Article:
There have been several events this week including an important court decision, and opposition to stadium financing as proposed by the governor. I believe it is worthwhile to look in-depth at these two issues as they affect many Missourians.
Judge Strikes Down St. Louis Minimum Wage
During the 2015 Regular Session both St. Louis and Kansas City considered ordinances to raise the minimum wage above the Missouri state level. After repeated suggestions from the General Assembly that this would not be legal, the St. Louis Board of Aldermen passed a defiant wage hike. The legislature responded with a clear statement in HB 722.
The issue hinges on something called the Dillon Rule, dating back to jurist John Dillon's interpretation in Municipal Corporations (1872). The basis of the rule is the Tenth Amendment of the U.S. Constitution which reads, "The powers not delegated to the United States by the Constitution, nor prohibited by it to the states, are reserved to the states respectively, or to the people." There is no mention of governmental entities below the state level. Therefore, the basis of the rule holds that local governments have only the powers delegated to them by the state. The U.S. Supreme Court cited Municipal Corporations in its 1907 ruling in Merrill v. Monticello concerning the existence of a local municipality.
The General Assembly passed HB 722, ultimately vetoed by Governor Nixon. The bill addressed two issues of local ordinances overriding legislative laws, one of these being minimum wage. On September 16, the General Assembly overrode the governor's veto by a vote of 111-44 and placed the measure into law.
Judge Steven Ohmer followed the basis of the Dillon Rule in his decision yesterday. His in-depth written decision stated in detail that the legislature holds authority and delegates to local entities. Mayor Francis Slay has vowed an appeal.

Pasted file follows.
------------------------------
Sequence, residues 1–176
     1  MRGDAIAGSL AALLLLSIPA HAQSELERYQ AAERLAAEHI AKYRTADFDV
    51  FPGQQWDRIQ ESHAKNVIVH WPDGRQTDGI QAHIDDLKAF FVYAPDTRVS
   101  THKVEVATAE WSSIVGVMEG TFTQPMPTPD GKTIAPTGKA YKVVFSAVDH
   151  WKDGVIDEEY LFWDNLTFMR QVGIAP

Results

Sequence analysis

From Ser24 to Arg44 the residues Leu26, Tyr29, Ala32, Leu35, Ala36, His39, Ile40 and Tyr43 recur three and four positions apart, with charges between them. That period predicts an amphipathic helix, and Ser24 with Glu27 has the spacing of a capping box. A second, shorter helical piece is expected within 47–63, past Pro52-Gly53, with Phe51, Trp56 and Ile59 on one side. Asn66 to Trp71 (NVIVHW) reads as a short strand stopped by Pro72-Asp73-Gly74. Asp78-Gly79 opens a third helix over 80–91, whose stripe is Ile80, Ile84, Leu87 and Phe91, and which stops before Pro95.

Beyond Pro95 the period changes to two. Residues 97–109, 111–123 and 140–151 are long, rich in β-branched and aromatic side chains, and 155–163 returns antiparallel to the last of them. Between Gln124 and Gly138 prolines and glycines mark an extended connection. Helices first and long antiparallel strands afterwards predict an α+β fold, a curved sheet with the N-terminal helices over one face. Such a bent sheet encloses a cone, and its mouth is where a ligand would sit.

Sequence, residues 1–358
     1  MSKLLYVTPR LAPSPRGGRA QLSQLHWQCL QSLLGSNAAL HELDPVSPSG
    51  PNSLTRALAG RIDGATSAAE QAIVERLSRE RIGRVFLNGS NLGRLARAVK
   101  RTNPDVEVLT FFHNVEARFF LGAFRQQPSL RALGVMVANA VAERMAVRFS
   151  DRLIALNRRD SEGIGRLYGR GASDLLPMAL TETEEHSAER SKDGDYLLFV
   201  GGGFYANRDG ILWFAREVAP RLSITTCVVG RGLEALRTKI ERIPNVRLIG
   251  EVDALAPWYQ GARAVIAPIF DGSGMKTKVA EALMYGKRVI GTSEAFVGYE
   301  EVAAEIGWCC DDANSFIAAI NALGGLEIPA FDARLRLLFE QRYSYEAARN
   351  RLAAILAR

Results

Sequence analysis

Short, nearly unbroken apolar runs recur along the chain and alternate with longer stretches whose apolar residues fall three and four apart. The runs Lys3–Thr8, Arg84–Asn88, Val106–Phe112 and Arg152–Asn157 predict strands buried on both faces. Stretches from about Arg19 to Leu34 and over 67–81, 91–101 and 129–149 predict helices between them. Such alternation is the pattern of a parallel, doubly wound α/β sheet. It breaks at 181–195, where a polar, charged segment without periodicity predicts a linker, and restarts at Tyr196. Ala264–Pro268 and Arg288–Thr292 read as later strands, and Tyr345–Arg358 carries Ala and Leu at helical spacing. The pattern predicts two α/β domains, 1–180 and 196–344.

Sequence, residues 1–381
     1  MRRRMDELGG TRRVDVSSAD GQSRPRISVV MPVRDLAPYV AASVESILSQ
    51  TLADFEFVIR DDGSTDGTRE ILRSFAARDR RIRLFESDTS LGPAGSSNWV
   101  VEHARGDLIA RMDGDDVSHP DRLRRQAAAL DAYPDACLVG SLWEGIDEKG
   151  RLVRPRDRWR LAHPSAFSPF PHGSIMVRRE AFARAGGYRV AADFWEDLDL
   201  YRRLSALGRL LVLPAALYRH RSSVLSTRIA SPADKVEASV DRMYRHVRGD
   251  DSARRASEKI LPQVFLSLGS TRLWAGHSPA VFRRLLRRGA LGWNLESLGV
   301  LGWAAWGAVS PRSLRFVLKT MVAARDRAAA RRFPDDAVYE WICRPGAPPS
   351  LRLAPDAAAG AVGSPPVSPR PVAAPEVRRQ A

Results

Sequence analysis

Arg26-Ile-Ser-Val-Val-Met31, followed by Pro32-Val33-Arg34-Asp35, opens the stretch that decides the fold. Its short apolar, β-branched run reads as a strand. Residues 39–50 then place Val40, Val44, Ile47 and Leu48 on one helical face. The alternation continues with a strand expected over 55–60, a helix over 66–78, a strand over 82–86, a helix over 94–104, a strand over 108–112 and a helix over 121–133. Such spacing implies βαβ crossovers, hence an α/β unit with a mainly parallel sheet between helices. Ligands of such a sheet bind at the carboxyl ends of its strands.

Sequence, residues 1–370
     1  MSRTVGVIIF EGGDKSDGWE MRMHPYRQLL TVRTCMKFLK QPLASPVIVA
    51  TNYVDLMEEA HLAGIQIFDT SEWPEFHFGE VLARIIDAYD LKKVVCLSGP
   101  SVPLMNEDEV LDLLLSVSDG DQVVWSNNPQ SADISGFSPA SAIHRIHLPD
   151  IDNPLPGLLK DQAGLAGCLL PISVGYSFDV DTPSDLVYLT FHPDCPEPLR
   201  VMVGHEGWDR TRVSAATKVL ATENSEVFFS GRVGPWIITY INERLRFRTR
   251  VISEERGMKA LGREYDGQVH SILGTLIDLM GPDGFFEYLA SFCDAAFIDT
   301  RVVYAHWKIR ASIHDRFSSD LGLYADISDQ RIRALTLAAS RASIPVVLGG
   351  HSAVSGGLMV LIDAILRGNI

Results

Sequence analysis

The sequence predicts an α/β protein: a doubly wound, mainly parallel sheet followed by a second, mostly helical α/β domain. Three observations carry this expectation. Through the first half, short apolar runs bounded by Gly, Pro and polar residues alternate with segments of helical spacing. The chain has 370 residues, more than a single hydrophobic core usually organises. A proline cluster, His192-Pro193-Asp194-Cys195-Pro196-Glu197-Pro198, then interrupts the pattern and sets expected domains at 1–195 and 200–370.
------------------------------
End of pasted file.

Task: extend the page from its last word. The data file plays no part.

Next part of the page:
Momentum against Stadium Financing Plan Continues to Build
The Speaker of the House recently joined the growing list of legislators who are strongly opposed to the governor's plans to finance a new stadium for the St. Louis Rams. Just a few weeks ago, several legislators from both the House and Senate reacted with disappointment to the news that the Missouri Development Finance Board had approved $15 million in tax credits for the proposed stadium. They are opposed to any use of taxpayer funding for a new stadium that does not first include a vote from the legislature or the public
Now Speaker Richardson has joined the group of legislators who oppose a new stadium, which would cost nearly $1 billion, because it would incur significant debt that Missourians would be forced to pay. Richardson wants the people of Missouri to have a say in how the plan moves forward in an effort to protect taxpayers from an excessive debt burden.
As Richardson wrote in a letter sent to the governor, "We will oppose any proposal that undermines the authority of the Missouri General Assembly and the will of the people. We will not stand idly by as the people of this state are committed to millions of dollars in debt without proper legislative approval or a public vote."